In addition, government interference in worship was reported in 28 of the 35 countries in the Americas. In Colombia, where conscientious objectors have been exempt from military service under certain conditions, religious groups continued to complain about a law mandating that a commission review applications for these exemptions. The religious groups said some objectors were denied exemptions (though they did not have to carry weapons during their military service).

The Middle East-North Africa region once again had the highest median GRI score of any region analyzed (5.9). The region has held this record every year of the study so far. As in previous years, government favoritism of religion remained prevalent, with 19 of 20 countries in the region recognizing a favored religion in its constitution. Sudan is the only country in the region whose constitution did not recognize a favored religion in 2021. An interim Sudanese constitution, from 2019, does not rely on sharia as a source of law, and it has provisions for freedom of worship.6 (Sudan’s previous constitution was suspended in 2019 when the military deposed the country’s former leader.) 

As in previous years, all countries in the Middle East-North Africa region reported at least one case of government harassment against religious groups in 2021, as well as at least one case of government interference in worship. In Saudi Arabia, the government continued to forbid the public practice of religions other than Islam and banned promotion of atheism. People who practiced religions other than the form of Sunni Islam favored by the government were “vulnerable to detention, discrimination, harassment, and, for noncitizens, deportation,” according to the U.S. State Department. Most countries in the region also continued to place restrictions on public preaching, proselytizing and religious conversions.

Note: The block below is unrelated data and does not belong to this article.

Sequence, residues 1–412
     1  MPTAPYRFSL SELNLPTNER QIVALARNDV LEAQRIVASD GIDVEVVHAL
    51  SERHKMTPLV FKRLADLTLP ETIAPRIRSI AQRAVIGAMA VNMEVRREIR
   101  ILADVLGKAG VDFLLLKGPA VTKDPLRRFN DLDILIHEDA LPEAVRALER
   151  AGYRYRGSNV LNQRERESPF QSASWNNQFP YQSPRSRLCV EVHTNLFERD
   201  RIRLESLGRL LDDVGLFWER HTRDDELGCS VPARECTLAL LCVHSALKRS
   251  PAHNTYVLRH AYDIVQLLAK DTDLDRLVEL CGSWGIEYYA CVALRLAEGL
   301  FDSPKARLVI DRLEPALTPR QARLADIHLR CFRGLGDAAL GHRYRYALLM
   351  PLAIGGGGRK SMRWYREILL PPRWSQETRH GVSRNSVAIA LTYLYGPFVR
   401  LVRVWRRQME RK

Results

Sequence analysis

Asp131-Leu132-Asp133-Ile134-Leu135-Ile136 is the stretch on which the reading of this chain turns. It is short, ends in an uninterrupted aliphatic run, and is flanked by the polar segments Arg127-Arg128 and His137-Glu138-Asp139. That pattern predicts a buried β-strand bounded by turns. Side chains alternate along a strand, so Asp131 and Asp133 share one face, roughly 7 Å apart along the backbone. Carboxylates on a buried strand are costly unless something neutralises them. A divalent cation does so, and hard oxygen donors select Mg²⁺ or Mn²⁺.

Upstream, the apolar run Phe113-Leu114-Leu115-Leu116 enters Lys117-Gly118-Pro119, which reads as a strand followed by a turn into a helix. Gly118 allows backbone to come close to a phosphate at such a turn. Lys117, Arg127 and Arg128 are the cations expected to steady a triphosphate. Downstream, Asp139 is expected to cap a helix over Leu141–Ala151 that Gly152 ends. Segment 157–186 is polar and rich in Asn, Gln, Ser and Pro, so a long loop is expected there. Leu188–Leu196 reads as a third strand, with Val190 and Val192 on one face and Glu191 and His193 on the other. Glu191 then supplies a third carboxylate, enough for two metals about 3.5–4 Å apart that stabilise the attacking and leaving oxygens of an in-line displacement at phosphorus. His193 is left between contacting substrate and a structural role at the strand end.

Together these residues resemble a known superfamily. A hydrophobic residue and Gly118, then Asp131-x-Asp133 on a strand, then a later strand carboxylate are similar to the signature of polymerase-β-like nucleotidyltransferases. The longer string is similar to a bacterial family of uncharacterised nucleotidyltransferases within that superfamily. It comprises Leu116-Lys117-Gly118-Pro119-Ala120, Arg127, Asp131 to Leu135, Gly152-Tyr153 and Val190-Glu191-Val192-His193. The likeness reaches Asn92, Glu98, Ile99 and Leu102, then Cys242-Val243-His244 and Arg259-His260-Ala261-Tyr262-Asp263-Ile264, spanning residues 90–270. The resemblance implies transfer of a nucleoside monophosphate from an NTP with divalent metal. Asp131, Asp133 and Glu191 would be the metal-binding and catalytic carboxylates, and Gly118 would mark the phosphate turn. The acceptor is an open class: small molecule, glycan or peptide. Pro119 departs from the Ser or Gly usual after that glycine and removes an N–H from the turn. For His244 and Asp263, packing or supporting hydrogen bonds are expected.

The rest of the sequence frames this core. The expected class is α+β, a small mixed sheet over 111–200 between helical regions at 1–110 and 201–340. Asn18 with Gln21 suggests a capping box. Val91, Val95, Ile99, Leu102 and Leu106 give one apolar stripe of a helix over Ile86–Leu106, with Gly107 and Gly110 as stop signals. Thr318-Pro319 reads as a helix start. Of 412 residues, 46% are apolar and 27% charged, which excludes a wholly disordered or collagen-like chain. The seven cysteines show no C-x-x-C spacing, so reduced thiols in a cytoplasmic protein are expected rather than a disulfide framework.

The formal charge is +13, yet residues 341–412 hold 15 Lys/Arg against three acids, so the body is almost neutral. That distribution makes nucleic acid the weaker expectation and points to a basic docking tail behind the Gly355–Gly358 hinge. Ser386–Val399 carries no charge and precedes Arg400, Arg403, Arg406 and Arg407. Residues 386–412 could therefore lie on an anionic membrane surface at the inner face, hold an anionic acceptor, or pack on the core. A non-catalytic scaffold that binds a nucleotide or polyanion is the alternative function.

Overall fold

The median score on the Government Restrictions Index remained at 4.2 in the Asia-Pacific region and at 2.6 in sub-Saharan Africa. Asia and the Pacific included several countries with “very high” levels of government restrictions, including China, Afghanistan and Iran. As in previous years, China continued to restrict the activities of religious groups that were deemed a threat to the Chinese Communist Party. And since 2017, according to U.S. government estimates, more than one million Uyghur Muslims, ethnic Kazakhs, Hui and other Muslim groups, along with some Christians, were detained in internment camps in China.

In Afghanistan, the Taliban took power in August 2021 and imposed its interpretation of Islamic law with decrees that included rules for women’s clothing, men’s facial hair and gender segregation. In Iran, the parliament criminalized the act of insulting Islamic schools of thought as well as any proselytizing activity that “contradicts or interferes” with Islam, which nongovernmental organizations said made religious minorities more vulnerable to restrictions. The group United for Iran said the government either imprisoned or executed at least 62 people in 2021 on charges of “enmity against God” or “armed rebellion against Islamic rule.”